Can't Think Straight
Here’s the thing about drag queens: they’re a blast to watch perform, but don’t sit in the front row.
Let me be more specific: don’t sit in the front row with someone who knows the drag queens, unless you, being the “cute boy in the plaid” (her words, not mine), want to be subjected to nearly three hours of ridicule and harassment, where you will essentially be bullied into drinking way more than you had planned to only to please them.
Drag queens may be bitchy, but boy, do they know how to do a fundraiser.
AIDS Programming South Saskatchewan (APSS) held its annual AIDS benefit show at the Gay and Lesbian Community of Regina (GLCR) on Saturday with the help of the Regal Social Association of Regina (RSAR) and the Prairie Pride Chorus. The show was hosted by Avaughna and Bruce Sanoir, and was, with the exception of two performances by the Prairie Pride Chorus, a regular drag show.
Don’t get me wrong, I love drag shows just as much as the next gay guy. But three hours of drag performances interspersed with bitchy banter from Bruce and Avaughna really does get tiresome if you don’t have enough drinks in you. Maybe that’s why Avaughna wouldn’t leave me alone and kept berating me into buying more gin and tonics.
In any case, drag shows have to be the most successful fundraisers in the queer community purely because the drag kings and queens won’t leave you alone until you donate all of your spare change to the big metal bucket. And if you don’t have any spare change, they’ll force you over to the bar to buy another drink so you can have more spare change.
Moreover, drag shows are successful fundraisers because the vast majority of the kings and queens performing on stage will donate their tips back to the cause. As an audience, you’re expected to tip the drag performers, as the amount of money and time they put into the performance is essentially a part-time job, and costs the kings and queens boatloads of cash. Late in the night, Bruce recounted a story about how Avaughna has a whole floor of their house devoted to gowns and wigs.
Now, before you decry drag performances as contributors to late-stage capitalism – and really, you’re right – it’s useful to note that RSAR is part of the international drag court, which means they’re more or less charities. Drag courts exist essentially as charitable bodies that donate a large portion of their tips back to community organizations. The organization is structured as this weird amalgam of 19th century French monarchy and representational democracy, complete with emperors, empresses, and a parliament.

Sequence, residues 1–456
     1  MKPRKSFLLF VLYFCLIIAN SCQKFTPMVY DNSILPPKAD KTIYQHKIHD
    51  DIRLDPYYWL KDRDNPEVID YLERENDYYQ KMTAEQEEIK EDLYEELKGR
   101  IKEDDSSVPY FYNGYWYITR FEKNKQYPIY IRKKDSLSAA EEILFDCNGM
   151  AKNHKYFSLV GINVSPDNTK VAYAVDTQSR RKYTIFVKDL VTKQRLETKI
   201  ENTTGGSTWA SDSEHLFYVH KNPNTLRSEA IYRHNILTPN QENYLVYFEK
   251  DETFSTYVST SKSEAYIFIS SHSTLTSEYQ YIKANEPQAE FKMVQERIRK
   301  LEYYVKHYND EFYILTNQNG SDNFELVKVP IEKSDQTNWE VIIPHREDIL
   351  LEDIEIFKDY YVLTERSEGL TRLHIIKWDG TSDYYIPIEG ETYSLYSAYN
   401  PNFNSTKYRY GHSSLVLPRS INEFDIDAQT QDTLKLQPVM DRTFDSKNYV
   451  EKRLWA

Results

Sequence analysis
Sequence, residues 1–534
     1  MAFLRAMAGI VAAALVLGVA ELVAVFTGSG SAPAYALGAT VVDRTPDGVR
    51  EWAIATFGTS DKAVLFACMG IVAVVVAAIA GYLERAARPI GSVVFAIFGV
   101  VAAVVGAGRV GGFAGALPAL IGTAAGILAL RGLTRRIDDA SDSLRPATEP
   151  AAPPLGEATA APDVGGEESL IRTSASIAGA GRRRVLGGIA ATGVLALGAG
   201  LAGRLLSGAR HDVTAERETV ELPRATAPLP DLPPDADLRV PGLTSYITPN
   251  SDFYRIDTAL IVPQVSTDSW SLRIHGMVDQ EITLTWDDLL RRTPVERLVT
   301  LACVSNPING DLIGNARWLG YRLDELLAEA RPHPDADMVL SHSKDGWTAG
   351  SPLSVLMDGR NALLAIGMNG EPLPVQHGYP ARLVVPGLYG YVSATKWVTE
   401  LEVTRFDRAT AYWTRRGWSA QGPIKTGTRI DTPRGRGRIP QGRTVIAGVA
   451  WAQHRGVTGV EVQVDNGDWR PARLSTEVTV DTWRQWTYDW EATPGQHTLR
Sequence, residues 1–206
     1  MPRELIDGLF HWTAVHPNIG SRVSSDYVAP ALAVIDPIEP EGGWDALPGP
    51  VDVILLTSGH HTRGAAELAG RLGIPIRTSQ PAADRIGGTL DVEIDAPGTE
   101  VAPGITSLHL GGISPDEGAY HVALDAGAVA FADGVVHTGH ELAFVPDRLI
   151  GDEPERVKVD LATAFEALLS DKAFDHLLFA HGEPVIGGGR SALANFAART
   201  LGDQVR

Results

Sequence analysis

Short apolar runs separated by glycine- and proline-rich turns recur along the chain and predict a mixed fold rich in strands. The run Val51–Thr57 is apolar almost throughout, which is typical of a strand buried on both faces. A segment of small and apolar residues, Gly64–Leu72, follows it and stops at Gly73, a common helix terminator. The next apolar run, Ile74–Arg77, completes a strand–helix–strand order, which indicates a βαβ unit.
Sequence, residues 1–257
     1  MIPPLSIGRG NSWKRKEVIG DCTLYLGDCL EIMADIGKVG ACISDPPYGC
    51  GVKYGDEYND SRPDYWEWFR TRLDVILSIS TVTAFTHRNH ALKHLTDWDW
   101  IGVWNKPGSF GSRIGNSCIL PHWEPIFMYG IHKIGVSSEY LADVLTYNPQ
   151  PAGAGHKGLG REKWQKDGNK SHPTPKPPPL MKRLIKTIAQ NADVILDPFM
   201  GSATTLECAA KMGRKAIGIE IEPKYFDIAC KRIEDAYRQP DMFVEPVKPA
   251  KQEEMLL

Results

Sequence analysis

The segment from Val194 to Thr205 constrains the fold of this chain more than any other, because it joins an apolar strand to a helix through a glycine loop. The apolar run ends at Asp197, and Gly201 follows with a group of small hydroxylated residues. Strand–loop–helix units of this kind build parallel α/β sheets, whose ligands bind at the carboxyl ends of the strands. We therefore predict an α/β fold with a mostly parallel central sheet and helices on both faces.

Whole books could be written just trying to make sense of how the system works, but, as an audience member, all you’re interested in is the performance, and it’s the performance that is key to a good drag show. The problem with a lot of drag shows is that once you’ve seen one, you’ve essentially seen them all, with noted exceptions. The first two hours of this three hour ordeal were overlong and repetitive, essentially just drag queens and kings lip-syncing to the music, and not really doing much of a performance beyond their gender-bending dress.
Generally speaking, the illusion of lip-syncing is hid almost as well as their sexed body behind their performed gender, but sitting in the front row you become particularly aware of the huge disconnect between the music and the performer, because even though you’re close enough to hear their voice, there’s nothing there. It’s almost like bad ventriloquism.
That being said, however, not all performances were particularly jarring, nor were any of the performances really that bad. One couple did a performance to “No Day But Today” from Rent that was absolutely phenomenal, and the lone performer from Saskatoon did a particularly interesting performance of Gloria Gaynor’s “I Am What I Am.”
But there were only two drag queens on Saturday night that really knew how to give a performance: Yada Ya-Oughta-Book-Ahead and Jenny Talia. Yada and Jenny consistently give solid and rousing performances that are more than just lip-syncing and kind of swaying your hips to music. Yada doesn’t really do anything different than other drag queens, but she gets right into her performance and could, if there was the floor space, get everyone to their feet.
And Jenny always amazes with the effort she puts into her costumes and into the elements of the performance itself. Jenny gave a performance of Katy Perry’s “Fireworks” that was complete with a dress fitted with coloured lights, and a handful of drag queens in the background holding birthday sparklers. Sure, it’s super campy and a bit too obvious, but that’s exactly what makes it so much fun.